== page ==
Judaism: Was Eliezer Wrong?
Was Eliezer correct in establishing a pre-ordained sign of behavior to determine which woman would be the proper mate for Yitzchak? This is a long running debate among the commentators and scholars until our very day. Maimonides criticizes him for so doing while Rabbi Avraham ben David (Raavad) severely criticizes Maimonides for criticizing Eliezer.
The Talmud in the Tosefta to the eighth chapter of tractate Shabat discusses all sorts of superstitions, signs, indications of good fortune or danger, etc. that are forbidden to Jews to indulge in. The clear indication of the Tosefta is that anything that has been empirically proven to be of practical value is permitted, whereas good luck charms and other empirically unproven signs and omens are forbidden, as being akin to pagan belief and practices.
Due to many historical and social pressures over the centuries, many such omens and signs have seeped into Jewish society eventually acquiring the status of accepted custom. And we are all very aware of the power and hold that customs have upon individuals.
I am always reminded of the rueful comment of Rabbi Yaakov Emden, who famously said that “it is regrettable that ‘not to steal’ was a commandment and not a custom for had it been a custom more people would attempt to observe it.” Part of the problem in today’s society is the prioritization of omens and signs and questionable customs over the values and observances of Judaism itself as proscribed by the Torah and rabbinic writings. The spooks apparently always win out.
Of interest, at least to me, is the fact that Eliezer disappears completely from the narrative of the Torah after the mission of bringing Rivkah to Yitzchak is accomplished. If one adopts the opinion of Maimonides regarding Eliezer’s use of signs and omens as being incorrect and unjustified, perhaps that would inform his later disappearance from the Torah’s text. However, those who laud his behavior and view him as a greatly righteous person, must confront the issue of his absence in the narrative of the Torah after fulfilling the mission that Avraham placed upon him.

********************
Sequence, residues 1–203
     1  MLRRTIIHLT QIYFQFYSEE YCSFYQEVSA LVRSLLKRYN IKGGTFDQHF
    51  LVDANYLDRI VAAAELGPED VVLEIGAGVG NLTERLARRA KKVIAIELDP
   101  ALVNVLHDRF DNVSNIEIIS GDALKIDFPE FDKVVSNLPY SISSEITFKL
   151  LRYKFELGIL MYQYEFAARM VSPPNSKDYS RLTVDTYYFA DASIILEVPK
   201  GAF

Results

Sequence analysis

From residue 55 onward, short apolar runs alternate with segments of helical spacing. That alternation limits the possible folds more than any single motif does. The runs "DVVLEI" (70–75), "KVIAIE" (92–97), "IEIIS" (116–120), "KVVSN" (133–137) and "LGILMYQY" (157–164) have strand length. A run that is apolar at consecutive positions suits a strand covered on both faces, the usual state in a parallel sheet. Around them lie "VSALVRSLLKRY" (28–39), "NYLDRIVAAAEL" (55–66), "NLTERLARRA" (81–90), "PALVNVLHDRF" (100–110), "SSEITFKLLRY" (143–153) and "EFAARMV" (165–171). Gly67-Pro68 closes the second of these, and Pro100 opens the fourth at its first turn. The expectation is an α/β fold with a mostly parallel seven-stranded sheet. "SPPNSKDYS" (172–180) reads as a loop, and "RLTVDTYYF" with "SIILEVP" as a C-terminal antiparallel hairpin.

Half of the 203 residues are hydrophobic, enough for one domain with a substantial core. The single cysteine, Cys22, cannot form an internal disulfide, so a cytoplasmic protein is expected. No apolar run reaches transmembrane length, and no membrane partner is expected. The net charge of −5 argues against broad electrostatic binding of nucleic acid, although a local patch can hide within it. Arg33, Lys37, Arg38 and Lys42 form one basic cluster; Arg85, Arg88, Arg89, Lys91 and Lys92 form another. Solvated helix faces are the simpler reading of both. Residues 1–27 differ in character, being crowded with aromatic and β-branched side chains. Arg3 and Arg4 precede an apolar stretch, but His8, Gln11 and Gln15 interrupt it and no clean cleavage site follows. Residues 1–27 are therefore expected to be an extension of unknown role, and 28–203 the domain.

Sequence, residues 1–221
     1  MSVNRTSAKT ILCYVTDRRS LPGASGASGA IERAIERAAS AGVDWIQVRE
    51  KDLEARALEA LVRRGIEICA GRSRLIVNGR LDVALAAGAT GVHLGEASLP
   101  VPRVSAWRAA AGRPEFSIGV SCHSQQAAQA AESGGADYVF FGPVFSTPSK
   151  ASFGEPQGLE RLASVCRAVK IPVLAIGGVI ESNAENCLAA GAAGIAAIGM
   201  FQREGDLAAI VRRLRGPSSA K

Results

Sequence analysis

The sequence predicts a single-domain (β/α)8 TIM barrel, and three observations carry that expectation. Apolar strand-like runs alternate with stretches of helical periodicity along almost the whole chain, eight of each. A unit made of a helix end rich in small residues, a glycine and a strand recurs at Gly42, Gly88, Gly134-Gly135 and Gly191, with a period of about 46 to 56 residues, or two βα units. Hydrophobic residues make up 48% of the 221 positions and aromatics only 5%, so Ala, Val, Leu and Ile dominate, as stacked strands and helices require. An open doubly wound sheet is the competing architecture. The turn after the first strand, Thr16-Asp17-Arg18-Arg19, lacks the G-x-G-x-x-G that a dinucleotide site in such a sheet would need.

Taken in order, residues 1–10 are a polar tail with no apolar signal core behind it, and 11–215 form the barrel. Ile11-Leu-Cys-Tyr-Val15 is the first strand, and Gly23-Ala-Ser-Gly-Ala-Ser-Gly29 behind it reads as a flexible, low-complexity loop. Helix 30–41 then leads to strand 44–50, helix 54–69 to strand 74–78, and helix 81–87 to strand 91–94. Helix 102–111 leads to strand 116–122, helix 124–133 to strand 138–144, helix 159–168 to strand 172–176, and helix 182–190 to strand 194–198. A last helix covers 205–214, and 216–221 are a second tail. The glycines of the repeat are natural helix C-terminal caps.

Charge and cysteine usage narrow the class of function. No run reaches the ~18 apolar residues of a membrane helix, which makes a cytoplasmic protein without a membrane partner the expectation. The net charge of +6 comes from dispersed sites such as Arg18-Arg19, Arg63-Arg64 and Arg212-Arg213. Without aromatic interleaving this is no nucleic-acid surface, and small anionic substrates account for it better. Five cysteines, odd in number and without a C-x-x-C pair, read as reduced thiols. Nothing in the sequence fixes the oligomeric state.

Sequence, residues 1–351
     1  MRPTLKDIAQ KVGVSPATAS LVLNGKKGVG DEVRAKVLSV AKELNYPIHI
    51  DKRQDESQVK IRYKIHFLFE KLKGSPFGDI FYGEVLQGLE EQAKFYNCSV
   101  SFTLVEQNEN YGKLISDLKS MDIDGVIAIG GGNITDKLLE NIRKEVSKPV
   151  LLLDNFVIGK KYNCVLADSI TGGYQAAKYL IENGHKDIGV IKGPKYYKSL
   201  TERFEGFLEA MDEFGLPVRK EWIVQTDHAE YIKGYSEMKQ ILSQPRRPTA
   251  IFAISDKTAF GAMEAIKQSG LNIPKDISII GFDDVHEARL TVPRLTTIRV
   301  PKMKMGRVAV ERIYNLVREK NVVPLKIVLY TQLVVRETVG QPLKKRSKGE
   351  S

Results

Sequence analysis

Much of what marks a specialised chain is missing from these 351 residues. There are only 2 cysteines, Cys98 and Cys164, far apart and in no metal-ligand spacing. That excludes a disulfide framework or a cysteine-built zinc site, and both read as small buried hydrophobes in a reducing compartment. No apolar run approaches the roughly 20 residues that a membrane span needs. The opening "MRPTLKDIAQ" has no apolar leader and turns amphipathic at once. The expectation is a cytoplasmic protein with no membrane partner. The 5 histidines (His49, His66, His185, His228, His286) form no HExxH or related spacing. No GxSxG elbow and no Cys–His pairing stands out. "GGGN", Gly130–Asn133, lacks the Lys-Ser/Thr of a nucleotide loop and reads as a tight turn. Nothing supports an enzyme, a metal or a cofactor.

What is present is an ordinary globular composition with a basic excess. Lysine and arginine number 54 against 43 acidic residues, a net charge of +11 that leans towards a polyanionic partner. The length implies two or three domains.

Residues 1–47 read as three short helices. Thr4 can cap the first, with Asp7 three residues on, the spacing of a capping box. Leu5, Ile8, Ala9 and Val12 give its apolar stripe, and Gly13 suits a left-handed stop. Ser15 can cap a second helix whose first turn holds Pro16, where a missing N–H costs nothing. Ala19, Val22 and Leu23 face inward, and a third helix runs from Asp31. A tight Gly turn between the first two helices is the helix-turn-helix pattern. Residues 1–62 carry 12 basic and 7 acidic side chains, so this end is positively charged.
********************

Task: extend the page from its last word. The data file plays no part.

A parable is related in the name of Rabbi Yisrael Meir Kagan (Chafetz Chaim): A person who never saw a railroad train before stands at a crossing and sees the train whiz by his eyes. He notices that all of the cars of the train are moving at the speed as is the locomotive. He does not therefore realize that the cars have no power of their own independent of the locomotive. When the locomotive can pull no longer then all of the cars will come to a halt.
Our father Avraham was the locomotive that pulled Eliezer and many others along in their search for God. When he passes from the world, as recorded in this week’s parsha, then Eliezer remains frozen and unable to grow spiritually. Thus the Torah has really nothing more to say to us about him. Jews are supposed to be locomotives, not just train cars being pulled along.